Excerpt from The High Season

EVERY SUMMER RUTHIE gave away her house by the sea. During the month of May, she packed and polished. Sneakers were scooped up from their kicked-off positions. Earrings, loose change, buttons were swept off the tops of bureaus. Post-its with phone numbers marooned from their meaning had been thrown away, anything threadbare or worn dumped into one of the summer boxes and sealed with squealing tape. T-shirts had been whisked off the hooks on the backs of bathroom doors, and fragrant chunks of Provençal soaps nestled in blue-and-white bowls by the sinks.

Ruthie knew how to create a house that looked lived-in, but lightly. When her summer tenants walked through the door, they breathed in peace and lemons. In this house no one ever had a sleepless night. No child slammed a door, screaming of injustice. No one was ever sick, or sorrowful, or more than pleasantly tired. Summer was a forever season, and held no pain.

With a fistful of yesterday’s news, she polished the picture window, spotless enough to slam into and raise a bruise. Now she had a better view of her daughter slacking off. In the yard Jem was doing what teenagers do, texting while doing a chore in a half- hearted fashion, loading gear into the truck bed with one hand while her thumb jitterbugged on a screen.

It was the first big weekend of summer, and winter’s trap had sprung. All along the hundred miles of Long Island, from Manhattan to the East End, skeins of highway were traffic-snarled by eight in the morning. On the North Fork families were spilling out, stretching and inhaling after the dawn ride from Manhattan, parents having bawled at their children, still thickheaded with dreams, to pull on shorts and get the hell in the car. Barbecues were rolled out from the garage, convertible tops folded down, beach chairs snapped to.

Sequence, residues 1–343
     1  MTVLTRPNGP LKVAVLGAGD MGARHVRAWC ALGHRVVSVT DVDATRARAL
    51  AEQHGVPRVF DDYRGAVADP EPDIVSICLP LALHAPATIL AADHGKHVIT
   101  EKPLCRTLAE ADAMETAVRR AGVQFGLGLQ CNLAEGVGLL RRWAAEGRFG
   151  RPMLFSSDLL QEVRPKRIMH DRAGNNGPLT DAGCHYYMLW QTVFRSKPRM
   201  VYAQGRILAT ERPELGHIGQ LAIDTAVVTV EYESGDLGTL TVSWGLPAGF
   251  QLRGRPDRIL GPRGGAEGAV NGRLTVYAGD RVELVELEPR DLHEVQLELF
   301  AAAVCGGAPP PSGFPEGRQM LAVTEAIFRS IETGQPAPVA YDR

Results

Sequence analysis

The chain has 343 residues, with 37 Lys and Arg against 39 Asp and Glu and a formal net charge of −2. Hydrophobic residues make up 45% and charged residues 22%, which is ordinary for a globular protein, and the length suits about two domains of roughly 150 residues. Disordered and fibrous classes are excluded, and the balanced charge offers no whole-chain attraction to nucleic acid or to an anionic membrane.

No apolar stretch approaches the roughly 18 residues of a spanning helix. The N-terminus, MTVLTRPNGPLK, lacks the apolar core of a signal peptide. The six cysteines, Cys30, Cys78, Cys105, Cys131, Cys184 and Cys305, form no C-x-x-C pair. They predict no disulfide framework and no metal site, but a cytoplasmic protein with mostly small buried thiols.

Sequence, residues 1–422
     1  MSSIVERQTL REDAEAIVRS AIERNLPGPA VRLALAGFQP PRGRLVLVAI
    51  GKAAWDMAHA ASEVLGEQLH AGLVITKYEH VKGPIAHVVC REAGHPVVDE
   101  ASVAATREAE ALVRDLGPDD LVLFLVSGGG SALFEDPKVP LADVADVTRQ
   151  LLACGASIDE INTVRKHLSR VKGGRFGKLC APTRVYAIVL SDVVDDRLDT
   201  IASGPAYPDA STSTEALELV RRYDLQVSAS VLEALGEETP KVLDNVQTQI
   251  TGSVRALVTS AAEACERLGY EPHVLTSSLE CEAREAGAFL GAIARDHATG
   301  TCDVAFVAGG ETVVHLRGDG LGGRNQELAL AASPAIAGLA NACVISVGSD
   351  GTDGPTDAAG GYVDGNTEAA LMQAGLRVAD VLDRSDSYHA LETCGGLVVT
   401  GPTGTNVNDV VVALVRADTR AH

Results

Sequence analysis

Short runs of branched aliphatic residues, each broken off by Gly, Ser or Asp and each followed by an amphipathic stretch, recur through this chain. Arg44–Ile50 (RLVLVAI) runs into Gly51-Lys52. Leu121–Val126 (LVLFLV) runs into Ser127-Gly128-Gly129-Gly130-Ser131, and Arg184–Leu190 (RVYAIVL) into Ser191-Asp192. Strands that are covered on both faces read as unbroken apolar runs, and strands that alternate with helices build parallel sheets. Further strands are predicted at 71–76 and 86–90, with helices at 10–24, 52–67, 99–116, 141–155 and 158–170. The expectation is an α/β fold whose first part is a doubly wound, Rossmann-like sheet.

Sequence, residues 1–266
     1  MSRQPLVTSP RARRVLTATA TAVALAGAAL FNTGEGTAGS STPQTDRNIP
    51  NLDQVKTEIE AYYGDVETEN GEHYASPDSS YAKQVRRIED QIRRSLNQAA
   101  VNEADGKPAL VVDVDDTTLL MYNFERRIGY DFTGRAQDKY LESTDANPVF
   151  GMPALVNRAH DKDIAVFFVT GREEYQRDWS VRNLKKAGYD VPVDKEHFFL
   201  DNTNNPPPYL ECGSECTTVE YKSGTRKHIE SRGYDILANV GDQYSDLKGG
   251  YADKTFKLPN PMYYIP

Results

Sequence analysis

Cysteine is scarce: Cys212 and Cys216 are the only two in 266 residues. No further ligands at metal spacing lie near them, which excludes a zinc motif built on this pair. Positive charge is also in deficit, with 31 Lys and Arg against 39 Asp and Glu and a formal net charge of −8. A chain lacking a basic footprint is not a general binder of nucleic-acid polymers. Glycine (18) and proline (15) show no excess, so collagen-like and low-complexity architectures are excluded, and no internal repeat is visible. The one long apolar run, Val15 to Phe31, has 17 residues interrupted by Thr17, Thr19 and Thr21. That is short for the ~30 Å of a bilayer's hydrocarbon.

High above the creeping cars, helicopter blades purled the air as they carried the rich and the lucky to the Hamptons on the South Fork. At the airport drivers waited by dark-windowed SUVs, patiently sipping coffee. Shopkeepers checked inventory on summer-weight cashmere. House managers reviewed details of schedules and flower deliveries to the vast homes behind the hedges.

Ruthie’s renter would arrive at noon. Adeline Clay had paid like a rich person, taking the Beamish-Dutton house for the entire season, and the whopping check was sitting in the bank. By Thanksgiving the money would have disappeared, distributed to various wheezing accounts: the college fund, the taxes due, the unseen needed repairs. But right now Ruthie felt pleasantly, if temporarily, solvent, her feet on a wide-planked floor rubbed with beeswax, the sky bouncing light off the sea. There were a few details left to take care of: one more swipe of the counters, local honey and flowers from the garden to welcome the tenant, a final sweep, and then skedaddling off into their own summer in a rented guesthouse.

“The summer bummer,” Jem called it, because giving up the house in the best months of the year was the only way to keep it.